Peer Reviews

We have arrived at the point in the course where you will have substantially completed your Interactive Learning Resource as a draft and will be making it available for your colleagues in the class. During this week, each of you will act as beta testers for other groups’ resources. You will work through the resource as a learner and make notes for the group who created the resource so that they may improve the design of their resource prior to submitting it. This week is an opportunity for you to provide some substantive formative feedback. The feedback that you provide will be used by the other group as they refine their Interactive Learning Resources next week, and you will share a link to your feedback with your instructor as 15% of  your final grade.

Your review will NOT be considered as part of your peers’ grades.


If you received instructions from your instructor regarding who will review your work, please follow those, or…

If you have not already done so, please sign up to peer review the work of another pod on our Learning Pod sign-up Sheet. If you are having any difficulty with this, please email your instructor as soon as possible. 

Each Learning Pod is responsible for ensuring that all reviewers receive a copy of the resource. The easiest way to do this is by providing a link in the column next to your Pod Number, making this a self-serve system. PLEASE ensure that your links are accessible to reviewers and not set to private.

Complete your review as a post on your own blog. You must include a link to the resource that you reviewed. Please send the link to your post to each individual in the group who authored the resource you reviewed. 

Your review may be a typed blog post, or you might want to record a screencast walk-through of the resource or some other technology tool that you’d like to try.

Notes on Collegiality

Your task in this process is to help your colleagues improve their learning resources. Please ensure that you focus your feedback on  structure their resource as related to each of the topics that we covered in class. Your task is not to criticize the content that your colleagues have chosen as their topic. This means that you don’t need to be an expert in the content area of the resource in order to help your colleagues improve their resource.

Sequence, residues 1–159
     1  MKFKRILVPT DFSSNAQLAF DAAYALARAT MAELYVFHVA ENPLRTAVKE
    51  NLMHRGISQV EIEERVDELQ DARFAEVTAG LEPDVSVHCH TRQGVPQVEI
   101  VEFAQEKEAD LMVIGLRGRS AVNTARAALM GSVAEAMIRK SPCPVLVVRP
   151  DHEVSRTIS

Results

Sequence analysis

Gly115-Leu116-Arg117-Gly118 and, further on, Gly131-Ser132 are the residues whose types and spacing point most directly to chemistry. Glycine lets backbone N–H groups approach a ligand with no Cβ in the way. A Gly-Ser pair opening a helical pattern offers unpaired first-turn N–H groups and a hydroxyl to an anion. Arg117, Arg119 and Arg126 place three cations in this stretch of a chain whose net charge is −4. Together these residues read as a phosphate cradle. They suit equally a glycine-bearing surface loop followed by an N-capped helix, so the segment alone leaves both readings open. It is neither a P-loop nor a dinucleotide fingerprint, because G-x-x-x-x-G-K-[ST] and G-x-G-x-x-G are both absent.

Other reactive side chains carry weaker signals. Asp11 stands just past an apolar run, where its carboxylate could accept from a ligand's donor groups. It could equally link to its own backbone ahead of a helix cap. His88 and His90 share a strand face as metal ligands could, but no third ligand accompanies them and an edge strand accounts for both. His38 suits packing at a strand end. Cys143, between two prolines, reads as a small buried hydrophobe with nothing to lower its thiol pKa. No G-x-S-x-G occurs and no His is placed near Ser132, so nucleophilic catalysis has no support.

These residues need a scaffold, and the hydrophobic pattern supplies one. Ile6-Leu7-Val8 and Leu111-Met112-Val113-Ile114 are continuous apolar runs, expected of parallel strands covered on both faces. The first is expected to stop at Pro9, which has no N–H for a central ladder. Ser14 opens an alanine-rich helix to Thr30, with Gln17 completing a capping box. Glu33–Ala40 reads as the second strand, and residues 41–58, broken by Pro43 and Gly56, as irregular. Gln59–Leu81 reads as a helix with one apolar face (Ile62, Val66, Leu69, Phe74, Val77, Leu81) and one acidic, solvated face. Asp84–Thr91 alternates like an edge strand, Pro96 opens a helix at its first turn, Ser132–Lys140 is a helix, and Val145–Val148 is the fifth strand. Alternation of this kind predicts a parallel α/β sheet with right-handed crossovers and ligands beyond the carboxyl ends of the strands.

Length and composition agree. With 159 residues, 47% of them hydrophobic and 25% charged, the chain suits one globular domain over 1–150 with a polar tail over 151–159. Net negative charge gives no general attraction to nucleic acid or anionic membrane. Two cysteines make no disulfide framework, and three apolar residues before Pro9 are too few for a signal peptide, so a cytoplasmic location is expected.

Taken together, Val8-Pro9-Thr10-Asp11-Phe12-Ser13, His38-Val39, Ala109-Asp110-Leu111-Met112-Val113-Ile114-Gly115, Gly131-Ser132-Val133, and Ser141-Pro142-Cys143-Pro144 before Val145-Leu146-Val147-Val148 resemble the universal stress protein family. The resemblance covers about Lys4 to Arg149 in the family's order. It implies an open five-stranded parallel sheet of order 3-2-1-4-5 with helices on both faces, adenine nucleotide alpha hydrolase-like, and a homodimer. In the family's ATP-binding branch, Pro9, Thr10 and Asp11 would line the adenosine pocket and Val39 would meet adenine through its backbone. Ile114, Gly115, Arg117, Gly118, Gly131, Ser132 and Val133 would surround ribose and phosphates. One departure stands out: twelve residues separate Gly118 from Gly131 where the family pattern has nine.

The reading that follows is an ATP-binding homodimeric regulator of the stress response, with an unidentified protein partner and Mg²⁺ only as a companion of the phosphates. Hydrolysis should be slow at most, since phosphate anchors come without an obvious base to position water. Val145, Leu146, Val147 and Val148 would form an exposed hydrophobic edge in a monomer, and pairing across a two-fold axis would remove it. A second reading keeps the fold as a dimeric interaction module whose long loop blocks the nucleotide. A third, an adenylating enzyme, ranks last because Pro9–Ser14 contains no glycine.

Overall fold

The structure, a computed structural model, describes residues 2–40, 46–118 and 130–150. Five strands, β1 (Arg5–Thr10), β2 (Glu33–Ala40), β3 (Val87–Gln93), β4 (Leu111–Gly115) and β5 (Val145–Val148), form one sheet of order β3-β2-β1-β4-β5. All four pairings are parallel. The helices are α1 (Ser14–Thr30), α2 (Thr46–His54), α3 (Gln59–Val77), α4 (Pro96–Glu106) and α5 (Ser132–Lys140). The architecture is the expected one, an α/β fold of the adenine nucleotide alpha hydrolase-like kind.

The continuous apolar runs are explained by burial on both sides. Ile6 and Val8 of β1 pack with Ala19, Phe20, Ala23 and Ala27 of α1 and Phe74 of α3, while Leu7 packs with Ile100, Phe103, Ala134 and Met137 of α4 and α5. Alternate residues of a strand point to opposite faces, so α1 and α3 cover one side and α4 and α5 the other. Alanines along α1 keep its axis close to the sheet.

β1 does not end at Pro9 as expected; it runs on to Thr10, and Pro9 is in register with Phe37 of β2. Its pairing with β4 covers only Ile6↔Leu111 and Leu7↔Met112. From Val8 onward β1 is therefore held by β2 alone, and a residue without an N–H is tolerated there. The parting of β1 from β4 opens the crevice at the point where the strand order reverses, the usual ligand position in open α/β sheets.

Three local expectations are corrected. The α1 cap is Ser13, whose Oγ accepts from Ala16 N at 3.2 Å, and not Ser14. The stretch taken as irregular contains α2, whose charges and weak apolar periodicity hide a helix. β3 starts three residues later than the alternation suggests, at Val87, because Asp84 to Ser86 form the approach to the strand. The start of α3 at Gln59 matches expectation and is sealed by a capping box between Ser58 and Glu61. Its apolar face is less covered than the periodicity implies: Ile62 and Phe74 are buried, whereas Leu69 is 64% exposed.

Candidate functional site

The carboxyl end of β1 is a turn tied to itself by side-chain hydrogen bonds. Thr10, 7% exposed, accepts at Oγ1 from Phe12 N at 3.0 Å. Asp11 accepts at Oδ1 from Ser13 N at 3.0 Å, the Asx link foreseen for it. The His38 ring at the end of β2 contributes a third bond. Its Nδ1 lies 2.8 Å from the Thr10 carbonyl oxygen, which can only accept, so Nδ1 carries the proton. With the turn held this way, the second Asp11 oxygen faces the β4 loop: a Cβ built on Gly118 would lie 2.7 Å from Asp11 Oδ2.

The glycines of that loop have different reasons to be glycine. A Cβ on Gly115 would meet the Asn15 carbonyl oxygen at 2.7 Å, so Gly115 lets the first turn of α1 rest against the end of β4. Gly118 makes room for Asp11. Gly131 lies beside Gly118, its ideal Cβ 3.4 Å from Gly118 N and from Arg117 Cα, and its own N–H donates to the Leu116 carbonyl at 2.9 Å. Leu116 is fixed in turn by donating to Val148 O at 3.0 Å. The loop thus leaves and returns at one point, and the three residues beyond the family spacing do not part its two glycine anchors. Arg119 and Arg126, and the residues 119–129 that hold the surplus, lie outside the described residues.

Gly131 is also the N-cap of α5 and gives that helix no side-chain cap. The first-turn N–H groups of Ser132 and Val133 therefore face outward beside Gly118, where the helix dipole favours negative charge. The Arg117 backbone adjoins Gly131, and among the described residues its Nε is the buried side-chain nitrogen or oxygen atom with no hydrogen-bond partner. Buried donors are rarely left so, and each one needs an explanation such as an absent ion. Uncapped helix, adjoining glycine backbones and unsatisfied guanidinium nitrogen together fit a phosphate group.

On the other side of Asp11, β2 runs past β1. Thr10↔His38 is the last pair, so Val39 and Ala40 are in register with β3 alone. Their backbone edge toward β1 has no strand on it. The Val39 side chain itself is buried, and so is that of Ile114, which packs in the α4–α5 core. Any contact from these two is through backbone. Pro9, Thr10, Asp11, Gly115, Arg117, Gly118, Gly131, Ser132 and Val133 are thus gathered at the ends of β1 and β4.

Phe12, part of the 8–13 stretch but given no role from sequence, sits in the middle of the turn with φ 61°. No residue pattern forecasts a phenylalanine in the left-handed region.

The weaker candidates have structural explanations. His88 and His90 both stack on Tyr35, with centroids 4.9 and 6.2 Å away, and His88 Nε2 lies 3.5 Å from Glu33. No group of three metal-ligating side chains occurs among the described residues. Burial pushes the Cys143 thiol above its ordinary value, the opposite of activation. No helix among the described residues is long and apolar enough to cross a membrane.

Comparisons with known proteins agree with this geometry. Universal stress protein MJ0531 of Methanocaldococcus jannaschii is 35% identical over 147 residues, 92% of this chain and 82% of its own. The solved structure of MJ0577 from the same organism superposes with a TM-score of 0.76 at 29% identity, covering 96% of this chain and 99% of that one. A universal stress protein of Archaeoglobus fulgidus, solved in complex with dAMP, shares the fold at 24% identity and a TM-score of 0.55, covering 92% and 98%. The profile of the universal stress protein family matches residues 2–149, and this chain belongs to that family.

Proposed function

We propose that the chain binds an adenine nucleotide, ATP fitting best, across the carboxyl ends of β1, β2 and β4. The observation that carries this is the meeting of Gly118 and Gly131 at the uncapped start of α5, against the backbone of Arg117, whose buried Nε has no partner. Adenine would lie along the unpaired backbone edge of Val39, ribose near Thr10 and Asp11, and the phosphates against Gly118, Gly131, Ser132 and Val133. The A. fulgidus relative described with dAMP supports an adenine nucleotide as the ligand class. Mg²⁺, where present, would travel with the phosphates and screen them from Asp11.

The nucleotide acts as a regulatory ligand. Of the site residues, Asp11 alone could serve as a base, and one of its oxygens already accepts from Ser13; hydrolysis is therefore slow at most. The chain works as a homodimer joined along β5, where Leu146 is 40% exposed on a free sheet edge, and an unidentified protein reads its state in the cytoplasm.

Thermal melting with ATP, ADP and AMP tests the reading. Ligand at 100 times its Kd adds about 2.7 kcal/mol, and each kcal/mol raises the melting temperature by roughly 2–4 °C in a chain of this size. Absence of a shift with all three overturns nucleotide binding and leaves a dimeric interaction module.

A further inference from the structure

Your notes and critique should focus on aspects of the resource that will be assessed (appropriate outcomes, alignment, interactivity, inclusivity, technology use and rationale, presentation, grammar, spelling, citations, etc.), and it must be constructive. Do not simply say that ‘X’ is a pre-structural response; offer collegial suggestions for improvement.

A good way to ensure that you are being collegial is to ask questions in your review, like the following:

  • Do you have an assessment linked to this outcome?

  • Do you need to cite this idea?

  • In what way is this activity interactive?

You can also use language that indicates that your criticism is tentative and may be a misunderstanding:

  • It seems to me that…

  • I might have missed something…

  • Correct me if I’m wrong…

  • Perhaps you might consider…

If English is your first language, don’t feel that you need to correct every little detail of English grammar. Some of your colleagues are writing in their second or third language. This is not a course in English grammar and writing. If there is a section that really doesn’t make sense, you can suggest that they seek assistance with making it more clear, but if the idea is communicated, even if a little awkwardly, then that is fine.

Reviews that criticize the people that created the resource will not be considered for grades.